Size And Growthand Fierce Competition
According to our analysis, Medicare Advantage enrollment will increase at an annual rate of 4% to 6% from 2017 to 2023, and revenue will grow at a rate of 7% to 9% annually. By 2023, available annual profit pools will range from $11 billion to $13 billion, making Medicare Advantage the single biggest driver of profit growth for health care payers.
Significant tailwinds are propelling this growth, including an aging population, rising penetration in comparison with fee-for-service plans , and a continued favorable regulatory climate. Current government policiesincluding support for strong rates, considerable latitude for private payers to add benefits beyond core health services, changes in Medicare Part D plans, and initiatives from Centers for Medicare & Medicaid Services for increased transparencywill add fuel to the engine.
Behind the growth, however, lies a fiercely competitive market. The number of plans available per eligible member has increased over the past four years at a rate of 8% per year, from 19 in 2016 to 24 in 2019. According to Deft Research, switching rates have dropped from more than 20% for 2015 to 11% for 2018 and 14% for the 2019 plan year. And in many instances, consumers are simply moving from one plan to another while keeping the same carrier, making the effective switching rate even lower than the reported level. This combination of factors has made it difficult for individual companies to accurately report consistent year-on-year growth.
Insurers Big And Small Jockey For Position In Ma Market As Winners And Losers Emerge
The rapid expansion in MA enrollment in recent years is tied to the plans of major health insurers, regional plans and tech-centric startups, all of which are looking to the program to fuel their own growth. MA plans offer a range of rebates and extra benefits like gym memberships, home health services and healthy meal deliveries that traditional Medicare doesnt, making them appealing to consumers.
Anthem Inc., for one, is leaning into such flexible and personalized benefits to stay competitive. Meanwhile, UnitedHealthcare Inc., the countrys largest MA insurer with nearly 7.9 million beneficiaries, is prioritizing its operational capabilities, such as digital tools, ease of payment and personalized services. And CVS Health Corp., which owns insurer Aetna Inc., drew on its strategic focus on dual-eligible special needs plans to grow enrollment in 2021.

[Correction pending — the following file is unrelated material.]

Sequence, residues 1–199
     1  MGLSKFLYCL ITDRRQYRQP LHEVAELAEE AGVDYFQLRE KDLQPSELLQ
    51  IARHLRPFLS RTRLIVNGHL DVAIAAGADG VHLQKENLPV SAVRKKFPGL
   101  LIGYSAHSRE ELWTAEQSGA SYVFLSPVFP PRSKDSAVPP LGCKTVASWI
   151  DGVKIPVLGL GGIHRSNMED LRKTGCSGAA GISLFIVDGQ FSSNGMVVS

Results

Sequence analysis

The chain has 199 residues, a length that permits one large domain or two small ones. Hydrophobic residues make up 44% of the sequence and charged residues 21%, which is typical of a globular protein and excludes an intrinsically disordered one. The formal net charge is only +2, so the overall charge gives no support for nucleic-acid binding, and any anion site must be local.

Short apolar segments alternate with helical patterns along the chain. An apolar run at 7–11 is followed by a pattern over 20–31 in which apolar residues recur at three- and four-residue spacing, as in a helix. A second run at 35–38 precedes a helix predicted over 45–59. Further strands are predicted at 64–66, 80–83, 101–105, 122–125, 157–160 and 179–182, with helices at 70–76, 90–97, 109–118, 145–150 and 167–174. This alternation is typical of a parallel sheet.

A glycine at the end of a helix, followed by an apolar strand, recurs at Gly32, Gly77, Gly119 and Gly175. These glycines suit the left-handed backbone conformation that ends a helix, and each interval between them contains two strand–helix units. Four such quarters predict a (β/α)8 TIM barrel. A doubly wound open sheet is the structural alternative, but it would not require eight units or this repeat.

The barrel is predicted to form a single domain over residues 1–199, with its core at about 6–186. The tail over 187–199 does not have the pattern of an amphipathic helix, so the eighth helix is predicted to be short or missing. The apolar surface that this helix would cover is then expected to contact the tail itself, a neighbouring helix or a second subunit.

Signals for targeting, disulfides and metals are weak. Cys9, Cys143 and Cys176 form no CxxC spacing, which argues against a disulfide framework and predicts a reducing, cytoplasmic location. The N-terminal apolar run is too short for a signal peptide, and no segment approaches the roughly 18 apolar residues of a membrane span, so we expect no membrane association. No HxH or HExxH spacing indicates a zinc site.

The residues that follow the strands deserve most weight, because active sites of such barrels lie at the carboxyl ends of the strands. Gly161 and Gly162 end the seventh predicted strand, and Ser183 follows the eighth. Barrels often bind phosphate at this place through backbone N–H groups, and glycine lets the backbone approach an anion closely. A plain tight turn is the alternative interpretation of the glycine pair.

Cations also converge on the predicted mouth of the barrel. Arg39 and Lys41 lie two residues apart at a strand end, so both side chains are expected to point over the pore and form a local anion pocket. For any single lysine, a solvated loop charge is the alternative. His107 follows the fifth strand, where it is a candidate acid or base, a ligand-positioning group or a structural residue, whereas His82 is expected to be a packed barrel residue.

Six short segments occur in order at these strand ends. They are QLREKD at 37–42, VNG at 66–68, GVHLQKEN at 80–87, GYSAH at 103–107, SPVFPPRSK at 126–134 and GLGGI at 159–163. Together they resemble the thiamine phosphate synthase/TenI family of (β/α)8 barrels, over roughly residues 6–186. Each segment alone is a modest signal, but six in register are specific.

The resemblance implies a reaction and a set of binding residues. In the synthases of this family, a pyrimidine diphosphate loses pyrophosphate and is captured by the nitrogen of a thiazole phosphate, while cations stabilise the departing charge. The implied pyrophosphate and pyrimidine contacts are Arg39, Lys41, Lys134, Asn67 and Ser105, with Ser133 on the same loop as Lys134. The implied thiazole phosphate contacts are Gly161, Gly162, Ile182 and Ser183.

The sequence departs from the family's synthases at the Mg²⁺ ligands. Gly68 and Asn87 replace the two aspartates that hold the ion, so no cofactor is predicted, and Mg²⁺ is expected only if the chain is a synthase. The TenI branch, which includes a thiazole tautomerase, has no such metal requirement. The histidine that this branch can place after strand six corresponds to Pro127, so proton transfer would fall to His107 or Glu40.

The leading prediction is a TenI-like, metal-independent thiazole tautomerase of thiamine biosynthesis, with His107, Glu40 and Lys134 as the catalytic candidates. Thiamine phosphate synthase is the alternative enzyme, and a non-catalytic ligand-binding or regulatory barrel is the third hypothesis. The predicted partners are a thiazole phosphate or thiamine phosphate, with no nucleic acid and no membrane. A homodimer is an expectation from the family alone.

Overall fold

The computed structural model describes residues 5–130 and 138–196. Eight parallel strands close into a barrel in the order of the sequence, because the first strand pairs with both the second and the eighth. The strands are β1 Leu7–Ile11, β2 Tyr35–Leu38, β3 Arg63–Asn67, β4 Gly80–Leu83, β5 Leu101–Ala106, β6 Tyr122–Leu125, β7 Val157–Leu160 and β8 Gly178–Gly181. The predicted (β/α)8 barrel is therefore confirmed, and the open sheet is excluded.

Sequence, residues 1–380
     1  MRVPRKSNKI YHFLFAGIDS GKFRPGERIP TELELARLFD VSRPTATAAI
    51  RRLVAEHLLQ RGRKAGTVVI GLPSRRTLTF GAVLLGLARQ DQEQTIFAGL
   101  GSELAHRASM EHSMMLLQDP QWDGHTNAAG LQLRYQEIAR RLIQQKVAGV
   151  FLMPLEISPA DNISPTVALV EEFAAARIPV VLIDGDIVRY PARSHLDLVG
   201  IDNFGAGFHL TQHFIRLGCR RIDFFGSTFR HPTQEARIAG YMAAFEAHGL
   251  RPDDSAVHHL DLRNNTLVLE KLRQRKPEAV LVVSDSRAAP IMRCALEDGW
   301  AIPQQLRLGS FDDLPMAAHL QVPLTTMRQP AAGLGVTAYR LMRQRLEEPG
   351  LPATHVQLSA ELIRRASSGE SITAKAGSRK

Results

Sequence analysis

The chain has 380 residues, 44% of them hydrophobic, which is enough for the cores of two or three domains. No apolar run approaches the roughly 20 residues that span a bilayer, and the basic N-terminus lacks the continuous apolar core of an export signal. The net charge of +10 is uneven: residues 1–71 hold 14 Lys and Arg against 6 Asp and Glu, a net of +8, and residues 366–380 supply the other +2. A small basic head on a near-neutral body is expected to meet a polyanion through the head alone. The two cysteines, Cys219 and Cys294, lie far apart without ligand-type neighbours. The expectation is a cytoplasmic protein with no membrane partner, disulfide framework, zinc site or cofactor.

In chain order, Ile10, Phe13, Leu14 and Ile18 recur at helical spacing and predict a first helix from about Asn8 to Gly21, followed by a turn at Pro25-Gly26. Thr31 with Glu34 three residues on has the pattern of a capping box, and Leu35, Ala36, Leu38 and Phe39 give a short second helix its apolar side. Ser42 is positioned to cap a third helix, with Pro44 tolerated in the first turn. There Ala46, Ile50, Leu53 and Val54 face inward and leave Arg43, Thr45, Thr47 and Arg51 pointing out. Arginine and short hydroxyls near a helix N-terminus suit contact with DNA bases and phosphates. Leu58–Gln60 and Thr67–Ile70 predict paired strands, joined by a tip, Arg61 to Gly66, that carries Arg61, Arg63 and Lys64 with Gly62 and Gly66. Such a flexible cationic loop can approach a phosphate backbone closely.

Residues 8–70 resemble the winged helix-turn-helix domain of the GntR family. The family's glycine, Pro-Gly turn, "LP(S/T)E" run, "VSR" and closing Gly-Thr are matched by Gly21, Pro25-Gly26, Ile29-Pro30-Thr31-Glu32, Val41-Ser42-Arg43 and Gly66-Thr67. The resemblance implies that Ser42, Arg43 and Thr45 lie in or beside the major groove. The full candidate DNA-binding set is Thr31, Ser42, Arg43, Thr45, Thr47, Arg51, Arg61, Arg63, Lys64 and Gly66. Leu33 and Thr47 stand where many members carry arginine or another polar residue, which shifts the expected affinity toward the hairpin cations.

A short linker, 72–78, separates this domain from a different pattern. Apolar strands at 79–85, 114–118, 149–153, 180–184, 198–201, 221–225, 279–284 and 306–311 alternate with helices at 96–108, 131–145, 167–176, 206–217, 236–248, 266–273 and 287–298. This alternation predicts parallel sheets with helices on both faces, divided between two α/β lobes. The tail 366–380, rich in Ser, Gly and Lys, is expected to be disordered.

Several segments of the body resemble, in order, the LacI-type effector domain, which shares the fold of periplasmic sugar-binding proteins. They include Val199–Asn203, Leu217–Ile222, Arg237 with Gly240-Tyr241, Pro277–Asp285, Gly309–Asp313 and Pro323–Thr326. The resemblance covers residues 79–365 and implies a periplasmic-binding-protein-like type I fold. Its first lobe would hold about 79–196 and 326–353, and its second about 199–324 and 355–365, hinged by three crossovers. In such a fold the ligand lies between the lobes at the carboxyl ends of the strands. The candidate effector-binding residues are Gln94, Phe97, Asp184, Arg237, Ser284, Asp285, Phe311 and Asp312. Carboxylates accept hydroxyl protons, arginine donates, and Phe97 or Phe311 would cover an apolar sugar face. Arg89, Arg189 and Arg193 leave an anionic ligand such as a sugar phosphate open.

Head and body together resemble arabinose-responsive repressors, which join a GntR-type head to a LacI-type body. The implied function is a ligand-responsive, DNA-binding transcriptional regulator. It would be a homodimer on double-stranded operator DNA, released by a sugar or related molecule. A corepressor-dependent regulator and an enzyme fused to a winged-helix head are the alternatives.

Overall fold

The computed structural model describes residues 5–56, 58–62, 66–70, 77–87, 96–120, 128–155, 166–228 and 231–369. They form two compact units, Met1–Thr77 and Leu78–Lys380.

You can see why the plans are into it, said Katherine Hempstead, a senior policy adviser at the Robert Wood Johnson Foundation with expertise in health insurance. But she also warned that the market could hit a saturation point where the number of new offerings exceeds the number of new enrollees, leading to slower growth rates for some of the big players.
Analyzing Data To Prepare For Growing Number Of High
Starting in 2020, the United States will experience extraordinary growth in the 75+ population. As the number of older adults on Medicare rapidly increases, it is critical to understand the characteristics and experiences of Medicare beneficiariesin both traditional Medicare and in private Medicare Advantage health plans.
We partnered with the Better Medicare Alliance to examine how Medicare coverage arrangements affect beneficiaries access to care, utilization of benefits, and out-of-pocket costs. We found that Medicare Advantage plays an important role in protecting vulnerable Medicare beneficiaries from healthcare costs.
Low-income Medicare beneficiaries are more likely to choose Medicare Advantage, and fewer of them report experiencing cost burden associated with out-of-pocket costs compared to low-income Medicare beneficiaries in traditional fee-for-service Medicare.
Chronically ill beneficiaries are choosing Medicare Advantage at rates that mirror traditional FFS and Medicare Advantage enrollees, overall, experience clinical and functional care needs at similar rates to those in the FFS population.
As Medicare Advantage enrollment grows, policymakers will need to carefully consider how future Medicare Advantage program changes, such as rate methodologies and quality measures, will equalize access to low cost, high quality plans and foster the kind of service delivery innovation that the growing numbers of very old Americans will need.
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Why Enrollees Are Choosing Medicare Advantage Plans
Nearly a quarter of those 65 and older who chose to enroll in Medicare Advantage plans over traditional Medicare did so because of its additional benefits, according to a survey released Oct. 17 by the Commonwealth Fund.